Submitted to: Fungal Genetics and Biology
Publication Type: Peer Reviewed Journal
Publication Acceptance Date: July 31, 2004
Publication Date: August 7, 2004
Citation: Chang, P.-K., Yu, J., Yu, J.-H. 2004. aflT, a MFS transporter-encoding gene located in the aflatoxin gene cluster, does not have a significant role in aflatoxin secretion. Fungal Genetics and Biology. 41:911-920. Interpretive Summary: Aflatoxin B1 is a secondary metabolite secreted by producing fungi, which can damage genetic materials of living cells if ingested. Most of the precursors prior to aflatoxin B1 formation are accumulated in mycelia. The difference of aflatoxin B1 from its precursors in cellular distribution implies that a transporting mechanism is operating. In this study, we disrupted the previously identified aflT transporter gene, present in the A. parasiticus aflatoxin gene cluster, and showed that aflT does not play a significant role in aflatoxin secretion. Transformants with the aflT gene deleted produced comparable amounts of aflatoxin B1, as well as B2, G1, and G2 as the wild-type. This result indicates that unidentified transporter(s) are able to compensate for AflT's function. Aflatoxin producing fungi thus may have redundant transporting systems for secreting/excluding toxin substances, such as fungicides. Future studies in identifying those transporting systems involved would help the management of toxic Aspergillus in the field, either by chemical or biological approaches. A reduction in aflatoxin contamination of crops would lead to increased profitability to the growers.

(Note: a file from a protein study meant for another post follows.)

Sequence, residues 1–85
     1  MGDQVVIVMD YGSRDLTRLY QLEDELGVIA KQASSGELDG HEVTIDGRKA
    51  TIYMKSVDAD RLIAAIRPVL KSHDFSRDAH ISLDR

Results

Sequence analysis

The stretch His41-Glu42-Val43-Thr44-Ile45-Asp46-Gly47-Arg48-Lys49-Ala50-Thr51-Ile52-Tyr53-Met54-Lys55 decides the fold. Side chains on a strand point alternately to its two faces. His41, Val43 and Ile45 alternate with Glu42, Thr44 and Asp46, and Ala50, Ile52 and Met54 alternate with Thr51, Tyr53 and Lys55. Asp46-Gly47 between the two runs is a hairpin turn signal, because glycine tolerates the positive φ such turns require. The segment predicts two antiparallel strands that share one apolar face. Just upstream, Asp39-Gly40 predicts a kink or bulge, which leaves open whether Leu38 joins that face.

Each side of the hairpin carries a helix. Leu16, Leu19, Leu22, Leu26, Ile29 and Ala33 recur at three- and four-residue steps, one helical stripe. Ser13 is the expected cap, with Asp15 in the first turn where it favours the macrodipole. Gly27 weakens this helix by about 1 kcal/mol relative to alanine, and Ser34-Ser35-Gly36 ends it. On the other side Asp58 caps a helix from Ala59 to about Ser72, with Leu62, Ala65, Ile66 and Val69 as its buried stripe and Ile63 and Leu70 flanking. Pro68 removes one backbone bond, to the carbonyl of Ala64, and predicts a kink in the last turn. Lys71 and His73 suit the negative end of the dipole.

Technical Abstract: The aflT gene resides between the polyketide synthase gene pksA and the P450-encoding cypA gene in the aflatoxin gene cluster of Aspergillus parasiticus. It is a single copy gene in the genome of A. parasiticus SRRC 2043 and SU-1 and was also found at the same relative position in the genome of A. flavus isolates. The predicted AflT protein contained 14 transmembrane domains and had various degrees of amino acid identity (34 to 56 percent) to fungal transporters belonging to the major facilitator superfamily. Targeted deletion of aflT in A. parasiticus SU-1 yielded transformants that were morphologically similar to SU-1. These aflT-deleted mutants produced and secreted aflatoxins comparable to the parental strain. Real-time RT-PCR analysis showed that the expression of aflT was controlled neither by the aflatoxin pathway-specific activator AflR nor by the co-activator AflJ, which differed from the regulation of the aflatoxin biosynthetic genes pksA, nor1, ver1, and omtA. The FadA-dependent G-protein signaling pathway previously shown to govern aflatoxin biosynthesis and sporulation plays a role in the regulation of aflT expression.